Five months of mostly cloudy.
My mind is not clear and crisp on most days. And for the first hour or two after I finally get up, my mind is the foggiest.
I am yawning, even though I have been in bed for over 8 hours. If that translated into 8 hours of sleep, my mornings might be different.
After I first fall asleep, I begin a cycle of waking up at 1 AM, 3 AM, 4:30 AM, 6 AM, and then hourly until I force myself into the morning.
I have spoken about this to my Psychiatrist. There was a lot of talk about Melatonin, and I did try that. However, my problem isn’t falling asleep. I do that very quickly after I turn off the light. My issue is actually staying asleep.
I am tired of writing about this whole problem of not feeling awake when I wake up.
But, like so many other aspects of my life, I am fitting this problem into my daily routine. I am accepting the problems that not being able to get up has presented, and I am working around them. This is the same way I have dealt with my depression for most of my life. It would toss out ideas, and I would feel obligated to take them on as my own, working them around my daily life.
Now, I am taking on the role of martyr for the cause.
READ MORE: Why can’t I make the call?
Telling my self that my doctors are too busy for my little problem, I downplay my needs for the greater good. Or that’s what I am hearing and seeing through depression tinted glasses. And the list of things I am tired of includes more than just not being able to get up and get going in the morning.
I am tired of:
- Having this dull cloud around my head. I envision the kid in the Charlie Brown comics with the dust cloud following him everywhere.
- Feeling sad. I know it is an emotion just like “glad, mad, angry,” but my scale seems tilted, and it feels like I am more sad than glad, that I am out of balance.
- Pushing away my Supporters. For many months, I was all over this, creating solid relationships with those who are on my team, those who want the best for me. Recently, I am pushing them away, just as depression had taught me years ago. This is not healthy or helpful.
- Clutter. I am carrying it around in my head and acting it out in my office and closet. Even my piles have piles. In the past few days, I have made a major effort to reduce my clutter, and this has allowed me the ability to get my tax information collected.
- My mind doing the same unhelpful things. Maybe it is progress that I recognize when I am using an unhelpful thinking style, but I am still using them. My ability to catch them is waning right now and that is creating havoc with me and my interactions with others, especially my support group.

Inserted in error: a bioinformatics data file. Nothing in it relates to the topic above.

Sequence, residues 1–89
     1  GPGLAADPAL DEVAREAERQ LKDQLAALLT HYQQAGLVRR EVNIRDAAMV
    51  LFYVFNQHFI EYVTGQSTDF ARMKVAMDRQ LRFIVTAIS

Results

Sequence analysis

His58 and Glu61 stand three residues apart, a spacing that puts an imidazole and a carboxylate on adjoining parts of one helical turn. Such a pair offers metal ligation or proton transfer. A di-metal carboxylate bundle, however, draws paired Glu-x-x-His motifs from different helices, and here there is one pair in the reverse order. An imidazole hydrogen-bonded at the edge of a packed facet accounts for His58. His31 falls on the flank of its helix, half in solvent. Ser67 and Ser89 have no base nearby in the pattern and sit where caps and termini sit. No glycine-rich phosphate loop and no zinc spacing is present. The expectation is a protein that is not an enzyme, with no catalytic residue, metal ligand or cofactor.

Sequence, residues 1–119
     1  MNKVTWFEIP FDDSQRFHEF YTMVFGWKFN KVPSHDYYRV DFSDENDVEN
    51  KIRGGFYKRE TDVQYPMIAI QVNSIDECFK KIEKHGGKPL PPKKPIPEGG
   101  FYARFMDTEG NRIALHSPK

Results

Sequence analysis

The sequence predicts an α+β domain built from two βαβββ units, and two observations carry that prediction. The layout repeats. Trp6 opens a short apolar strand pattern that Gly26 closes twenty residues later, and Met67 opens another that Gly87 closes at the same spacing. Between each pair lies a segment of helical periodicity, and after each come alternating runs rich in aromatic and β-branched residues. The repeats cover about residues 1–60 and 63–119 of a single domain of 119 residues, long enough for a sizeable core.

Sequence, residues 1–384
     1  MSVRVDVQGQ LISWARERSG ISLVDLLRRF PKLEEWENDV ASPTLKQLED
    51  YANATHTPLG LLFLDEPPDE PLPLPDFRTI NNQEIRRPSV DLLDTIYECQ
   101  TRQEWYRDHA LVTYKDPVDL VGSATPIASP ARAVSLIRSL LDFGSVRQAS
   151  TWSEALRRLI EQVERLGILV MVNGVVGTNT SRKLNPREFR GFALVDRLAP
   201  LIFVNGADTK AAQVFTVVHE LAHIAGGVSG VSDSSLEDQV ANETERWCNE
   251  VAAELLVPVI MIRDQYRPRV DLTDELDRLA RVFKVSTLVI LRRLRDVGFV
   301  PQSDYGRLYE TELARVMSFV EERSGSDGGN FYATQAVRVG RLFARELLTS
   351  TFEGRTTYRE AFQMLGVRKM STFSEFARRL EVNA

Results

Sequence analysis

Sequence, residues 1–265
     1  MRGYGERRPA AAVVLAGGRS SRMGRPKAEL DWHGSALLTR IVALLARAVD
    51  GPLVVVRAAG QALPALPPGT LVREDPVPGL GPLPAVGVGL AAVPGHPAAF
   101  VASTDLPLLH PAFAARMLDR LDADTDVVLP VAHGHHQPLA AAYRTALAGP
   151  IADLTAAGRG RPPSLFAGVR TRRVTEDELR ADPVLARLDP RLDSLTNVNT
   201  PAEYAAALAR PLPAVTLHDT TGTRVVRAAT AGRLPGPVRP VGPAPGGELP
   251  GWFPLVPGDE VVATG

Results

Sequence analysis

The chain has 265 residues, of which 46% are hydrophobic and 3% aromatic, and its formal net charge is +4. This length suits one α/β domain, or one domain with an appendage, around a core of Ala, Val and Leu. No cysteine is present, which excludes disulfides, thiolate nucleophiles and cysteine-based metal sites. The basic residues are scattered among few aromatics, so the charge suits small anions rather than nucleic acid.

- The uncertainty caused by recent global events. I must remind myself that I cannot control events. However, I can control my attitude towards them. Since my hospital stay last year, this has been a success story for me, as I stay off the “should a, would a, could a” highway. Yet it is only one thought away from taking over my mind. I am tired of having to fight this every single day.
- Not accepting myself. I am so very hard on myself, setting a standard that is light years beyond what I would expect out of anyone else. And when I do not achieve perfection, I take that as a sign I am not a valuable person. This is getting very old. And I am tired of having to spend much energy reminding myself of my value, not as a title, but just me, by myself, flaws and fantastic abilities combined into me.
I start with my new in-network therapist on Wednesday.
I want to be optimistic about the change, but all I see this morning is more work, and I am getting tired of that. But I know myself well enough to understand that I will go to the appointment and do the work required. Even if I do not give myself credit, at some level I know I get things done.
If I could add one more thing, I am tired of, it would be not writing.
Lately, other things have pushed and shoved their way into my head, grabbing my attention and keeping me from writing. OK, I am giving these things more attention and significance that am giving myself. When I do not write, I do not grow. Writing is one of my best self-care activities. When I miss even two or three days, it is like a lifetime.
Making a list of the things I am tired of is my way of getting them out into the open.
Depression wants me to just suffer in silence and not make a big deal about what it perceives to be important actions I should (or shouldn’t) be taking. It likes it when my head is cloudy, and my sense of self-worth is in the toilet.
Today I will focus on valuing myself, as I am, tired or not.
My concealed depression is written under the alias “Depression is not my boss.” I have certifications in SMART Recovery and am a Global Career Development Facilitator.
Last year, I was diagnosed with Major Depressive Disorder.